Sites in Sri Lanka such as Anuradhapura have also yielded Northern Black polished ware during the period 500 BC-250 BC indicating interaction with the gangetic valley.[16]

Sites in Southern Thailand include Tam Sǔa in La Un district, Kapoe in Kapoe district and Phu Khao Tong in Suk Samran district in Ranong province and at Khao Sam Kaeo in Muang district and Tam Tuay in Thung Tako district in Chumphon province, although they cannot be considered as "classical" NBPW but local KSK-Black Polished Wares produced in Thailand.[13]

A number of ancient sites where the NBPW has been found, such as Ayodhya and Sringaverapura, are mentioned in the Hindu epic, the Ramayana.[7]


  1. ^ a b Strickland, K. M., R. A. E. Coningham, et al., (2016). "Ancient Lumminigame: A Preliminary Report on Recent Archaeological Investigations at Lumbini's Village Mound", in Ancient Nepal, Number 190, April 2016, p. 10.
  2. ^ Tewari, Rakesh, (2016). "Excavation at Juafardih, District Nalanda (Bihar)", in Indian Archaeology 2006-07 - A Review, Archaeological Survey of India, New Delhi, pp. 6-8: "... Layer 13, the uppermost deposit of Period I, has provided a C14 date of 1354 BCE, it may thus be seen that the C14 dates of Period I and II are consistent and justifiably indicate that the conventional date bracket for NBPW requires a fresh review at least for the sites in Magadh region..."
  3. ^ Ahmed, Mukhtar (2014). Ancient Pakistan - An Archaeological History: Volume V: The End of the Harappan Civilization, and the Aftermath. Amazon. p. 127: "...recent excavation in the Bannu district at the sites of Akra (900-790 BCE) and Ter Kala Dheri (1000-400 BCE) have provided radiocarbon dates which would push the chronology of NBP at Charsadda and Taxila to as early as 900 BCE...". ISBN 978-1499709827.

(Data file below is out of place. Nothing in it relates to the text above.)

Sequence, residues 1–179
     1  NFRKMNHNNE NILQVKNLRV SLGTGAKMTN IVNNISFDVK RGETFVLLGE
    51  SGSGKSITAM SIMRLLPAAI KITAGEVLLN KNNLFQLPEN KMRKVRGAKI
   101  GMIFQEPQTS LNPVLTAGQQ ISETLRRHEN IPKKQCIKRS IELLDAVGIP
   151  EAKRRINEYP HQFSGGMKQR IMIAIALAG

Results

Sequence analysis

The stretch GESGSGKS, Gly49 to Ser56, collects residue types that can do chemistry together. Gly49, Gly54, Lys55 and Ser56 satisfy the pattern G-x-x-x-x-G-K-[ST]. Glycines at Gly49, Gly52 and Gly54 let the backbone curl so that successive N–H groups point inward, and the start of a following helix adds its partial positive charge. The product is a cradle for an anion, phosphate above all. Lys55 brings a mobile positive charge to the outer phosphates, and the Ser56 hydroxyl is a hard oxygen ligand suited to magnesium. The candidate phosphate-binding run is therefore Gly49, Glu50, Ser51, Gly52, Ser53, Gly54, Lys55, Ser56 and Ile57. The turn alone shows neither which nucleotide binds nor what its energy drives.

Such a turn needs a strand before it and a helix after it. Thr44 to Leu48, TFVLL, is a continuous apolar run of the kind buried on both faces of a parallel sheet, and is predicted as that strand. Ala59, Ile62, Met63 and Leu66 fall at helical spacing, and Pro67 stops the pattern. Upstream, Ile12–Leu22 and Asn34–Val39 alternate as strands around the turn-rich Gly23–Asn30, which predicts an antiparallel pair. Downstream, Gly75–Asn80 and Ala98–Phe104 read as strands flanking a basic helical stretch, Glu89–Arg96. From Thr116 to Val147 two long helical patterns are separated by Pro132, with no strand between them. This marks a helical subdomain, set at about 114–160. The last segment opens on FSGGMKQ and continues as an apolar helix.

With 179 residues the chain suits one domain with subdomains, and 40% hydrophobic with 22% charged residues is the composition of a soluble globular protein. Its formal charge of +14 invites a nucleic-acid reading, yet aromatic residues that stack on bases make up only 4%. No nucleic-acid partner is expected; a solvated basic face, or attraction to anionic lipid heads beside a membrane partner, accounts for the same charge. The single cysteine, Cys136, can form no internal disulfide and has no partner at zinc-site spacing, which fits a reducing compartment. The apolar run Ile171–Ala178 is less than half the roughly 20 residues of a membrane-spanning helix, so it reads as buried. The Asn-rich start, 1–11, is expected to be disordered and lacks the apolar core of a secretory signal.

4. ^ Kumar, K., (2005). "Archaeology of the Ramayana Sites: A Review of the Problem in the Light of Recent Excavations at Ayodhya", in Pragdhara 15, pp. 264-265.
  5. ^ Shanker Singh, Dr Anand (20 Nov 2017). "The Chronology of Northern Black Polished Ware : Recent Perspectives". International Journal of Scientific Research in Science, Engineering and Technology IJSRST. 3: 1488-1492: "...The emergent picture is that the beginning of NBPW could safely be pushed to circa 700 BCE, if not earlier (Ayodhya 1003 BCE & Juafardih 1200 BCE) and therefore, the NBPW period ranges from 700 BCE to 50 BCE...".
  6. ^ Danino, Michel. "A Timeline of Ayodhya": 2-6 (Period I: Northern Black Polished Ware (NBPW) c. 1300 BC - 300 BC Period I: The Human activity at the [Ram Janambhumi - Babri Masjid] dates back to the circa: thirteenth century B.C. on the basis of the scientific dating method providing the only archaeological evidence for such an early dating of the human occupation at the site (Sharma 2011:48). People using Northern Black Polished Ware (NBPW) a pottery type generally associated with the urbanization of the ganges plains were the first occupants of the site at Ayodhya). {{cite journal}}: Cite journal requires |journal= (help)
  7. ^ a b J.M. Kenoyer (2006), "Cultures and Societies of the Indus Tradition. In Historical Roots" Archived 2014-01-01 at the Wayback Machine in the Making of ‘the Aryan’, R. Thapar (ed.), pp. 21–49. New Delhi, National Book Trust.
  8. ^ a b c Shaffer, Jim. 1993, "Reurbanization: The eastern Punjab and beyond." In Urban Form and Meaning in South Asia: The Shaping of Cities from Prehistoric to Precolonial Times, ed. H. Spodek and D.M. Srinivasan.
  9. ^ Samuel 2008, p. 50-51.
  10. ^ Upinder Singh (2008). A History of Ancient and Early Medieval India: From the Stone Age to the 12th Century. Pearson Education India. pp. 282, 286, 391. ISBN 978-81-317-1677-9.
  11. ^ Upinder Singh (2008). A History of Ancient and Early Medieval India: From the Stone Age to the 12th Century. Pearson Education India. p. 389. ISBN 978-81-317-1677-9.
  12. ^ Jahan, Shahnaj Husne. "Maritime Trade between Thailand and Bengal.pdf". Journal of Fine Arts, Chiang Mai University.
  13. ^ a b Bouvet, Phaedra, (2011). "Preliminary Study of Indian and Indian Style Wares from Khao Sam Kaeo (Chumphon, Peninsular Thailand), Fourth - Second Centuries BCE", in Pierre-Yves Manguin, A. Mani, and Geoff Wade, (eds.), Early Interactions Between South and Southeast Asia, Institute of Southeast Asian Studies, Singapore, pp. 70 - 72.
  14. ^ Tewari, Rakesh, (2011). "...Given Another Life...", in Man and Environment XXXVI(1)(2011), Indian Society for Prehistoric and Quaternary Studies, p. 23.
  15. ^ A History of Ancient and Early Medieval India: From the Stone Age to the 12th Century
  16. ^ Wikramanayake, T. W. (2004). "The Life Style of Early Inhabitants of Sri Lanka". Journal of the Royal Asiatic Society of Sri Lanka. 50: 89–140. ISSN 1391-720X. JSTOR 44626733.


Samuel, Geoffrey (2010), The Origins of Yoga and Tantra: Indic Religions to the Thirteenth Century, Cambridge University Press